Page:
Hearts took that defeat badly - they didn’t win any of their next seven games. At the end of January, any flicker of title aspirations were well and truly snuffed out when the team capitulated to a 6-0 drubbing at Ibrox - this coming a week after a 5-2 defeat at Tynecastle by Dundee. Hearts league season was over and although they finished the season in sixth place they were twenty-one points behind champions Celtic - in the days when there were only two points awarded for a win. Incidentally, Aberdeen finished runners-up - ten points behind the champions.
Hearts fans sought salvation in the Scottish Cup and the early signs were promising when a very good St. Johnstone team - at the time managed by Willie Ormond who would go on to manage Scotland and Hearts - were beaten 2-0 at Tynecastle. Clydebank were thrashed 4-0 in Gorgie in the next round before Hearts faced Celtic at Celtic Park in the quarter-finals. Derek Renton scored the goal that gave Hearts a 1-1 draw and therefore secure a replay at Tynecastle. The game, on 27 March 1972, attracted an attendance of just over 40,000 - the last time a crowd of such size would be in Gorgie. A Lou Macari goal was enough to take Celtic through and more crushing disappointment ensued for the maroon legions.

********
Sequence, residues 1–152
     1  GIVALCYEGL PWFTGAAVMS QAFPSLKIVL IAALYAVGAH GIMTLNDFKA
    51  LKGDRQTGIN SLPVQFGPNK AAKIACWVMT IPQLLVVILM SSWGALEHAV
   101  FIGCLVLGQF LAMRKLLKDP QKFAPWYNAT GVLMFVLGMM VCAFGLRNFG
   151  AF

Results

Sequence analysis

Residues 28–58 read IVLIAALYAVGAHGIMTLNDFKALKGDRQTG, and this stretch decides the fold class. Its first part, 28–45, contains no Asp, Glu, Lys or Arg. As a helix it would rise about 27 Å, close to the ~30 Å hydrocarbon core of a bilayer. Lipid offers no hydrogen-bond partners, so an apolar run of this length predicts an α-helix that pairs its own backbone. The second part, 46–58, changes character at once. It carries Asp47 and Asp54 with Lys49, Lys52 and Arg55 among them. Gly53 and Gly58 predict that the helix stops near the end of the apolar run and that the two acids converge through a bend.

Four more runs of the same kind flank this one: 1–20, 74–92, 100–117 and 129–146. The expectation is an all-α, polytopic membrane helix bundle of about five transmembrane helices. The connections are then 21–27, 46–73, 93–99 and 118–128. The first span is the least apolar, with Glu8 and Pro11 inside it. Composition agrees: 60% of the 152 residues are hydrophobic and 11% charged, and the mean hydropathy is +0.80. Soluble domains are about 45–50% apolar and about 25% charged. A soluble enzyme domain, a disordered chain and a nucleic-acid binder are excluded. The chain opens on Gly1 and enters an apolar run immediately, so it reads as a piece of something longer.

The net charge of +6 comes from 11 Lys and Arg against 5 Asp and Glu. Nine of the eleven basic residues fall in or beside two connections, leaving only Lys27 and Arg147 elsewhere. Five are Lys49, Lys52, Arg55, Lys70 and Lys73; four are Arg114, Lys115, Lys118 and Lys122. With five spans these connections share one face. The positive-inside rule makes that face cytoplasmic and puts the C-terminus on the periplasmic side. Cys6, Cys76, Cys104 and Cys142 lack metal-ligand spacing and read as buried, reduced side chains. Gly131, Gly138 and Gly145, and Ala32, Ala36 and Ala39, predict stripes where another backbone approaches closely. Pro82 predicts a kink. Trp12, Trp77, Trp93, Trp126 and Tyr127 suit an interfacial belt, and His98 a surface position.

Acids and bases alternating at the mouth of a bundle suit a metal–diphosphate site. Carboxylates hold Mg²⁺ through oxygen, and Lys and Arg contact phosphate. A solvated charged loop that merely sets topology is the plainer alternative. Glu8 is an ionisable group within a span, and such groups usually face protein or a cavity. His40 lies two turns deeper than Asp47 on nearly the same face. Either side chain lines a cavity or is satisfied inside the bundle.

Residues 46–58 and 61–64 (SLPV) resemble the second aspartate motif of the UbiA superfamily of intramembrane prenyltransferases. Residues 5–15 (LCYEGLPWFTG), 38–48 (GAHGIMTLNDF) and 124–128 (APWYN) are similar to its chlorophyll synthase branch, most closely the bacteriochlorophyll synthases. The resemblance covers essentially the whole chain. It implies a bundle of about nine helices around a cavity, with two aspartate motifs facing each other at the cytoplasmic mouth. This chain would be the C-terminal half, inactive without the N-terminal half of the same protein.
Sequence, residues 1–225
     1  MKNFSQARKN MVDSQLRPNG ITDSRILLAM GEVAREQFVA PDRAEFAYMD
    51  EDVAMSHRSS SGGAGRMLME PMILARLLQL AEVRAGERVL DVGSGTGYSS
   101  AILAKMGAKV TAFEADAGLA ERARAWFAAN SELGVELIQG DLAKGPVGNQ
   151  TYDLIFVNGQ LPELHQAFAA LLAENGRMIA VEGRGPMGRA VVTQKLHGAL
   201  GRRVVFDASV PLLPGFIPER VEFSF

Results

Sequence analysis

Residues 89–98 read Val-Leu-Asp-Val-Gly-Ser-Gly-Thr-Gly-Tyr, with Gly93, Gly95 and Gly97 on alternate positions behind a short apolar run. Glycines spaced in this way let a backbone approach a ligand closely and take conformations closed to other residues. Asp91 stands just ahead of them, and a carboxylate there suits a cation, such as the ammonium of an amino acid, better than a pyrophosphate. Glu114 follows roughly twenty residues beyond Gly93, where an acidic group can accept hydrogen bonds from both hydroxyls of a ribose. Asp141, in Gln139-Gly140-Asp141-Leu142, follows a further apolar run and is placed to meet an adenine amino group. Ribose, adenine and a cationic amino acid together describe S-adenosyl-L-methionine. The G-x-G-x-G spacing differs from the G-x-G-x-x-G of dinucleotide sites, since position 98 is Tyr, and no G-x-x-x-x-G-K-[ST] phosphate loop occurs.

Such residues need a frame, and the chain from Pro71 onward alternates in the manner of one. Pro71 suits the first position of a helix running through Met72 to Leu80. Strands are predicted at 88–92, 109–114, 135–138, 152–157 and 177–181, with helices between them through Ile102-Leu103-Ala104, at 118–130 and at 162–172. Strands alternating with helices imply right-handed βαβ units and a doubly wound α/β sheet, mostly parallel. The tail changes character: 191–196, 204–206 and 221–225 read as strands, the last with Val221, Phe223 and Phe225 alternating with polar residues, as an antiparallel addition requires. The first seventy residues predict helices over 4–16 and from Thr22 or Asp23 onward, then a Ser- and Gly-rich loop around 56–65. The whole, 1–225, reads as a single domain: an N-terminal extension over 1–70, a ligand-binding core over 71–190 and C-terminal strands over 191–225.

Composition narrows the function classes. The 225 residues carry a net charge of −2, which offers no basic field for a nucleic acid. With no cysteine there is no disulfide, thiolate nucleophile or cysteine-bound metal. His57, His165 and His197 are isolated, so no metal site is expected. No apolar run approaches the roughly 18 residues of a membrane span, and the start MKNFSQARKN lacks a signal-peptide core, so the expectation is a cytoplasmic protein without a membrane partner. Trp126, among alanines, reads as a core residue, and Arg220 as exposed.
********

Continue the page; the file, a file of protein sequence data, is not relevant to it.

It was a disappointing end to a season that, at one stage, promised so much. The triumph at Pittodrie in November 1971 was one of the highlights of the season; particularly in the style it was achieved. Ten men Hearts simply refused to accept defeat and used their perceived injustice at the sending off of Jim Townsend to spur them on to a memorable victory.
I left Pittodrie that day with my father with mixed emotions. I was thrilled my team had won and in such a way that caused considerable angst to the home support. Living in Aberdeen, I knew what awaited me at school on Monday morning had Donald Ford not stepped in with glorious and impeccable timing. However, I knew my father would drop me off at home before driving back to his home in Cumbernauld. I felt a little cheated at not being able to share the joy of victory with anyone.
It was, however, a great day. And these would be in despairingly short supply as the 1970s progressed….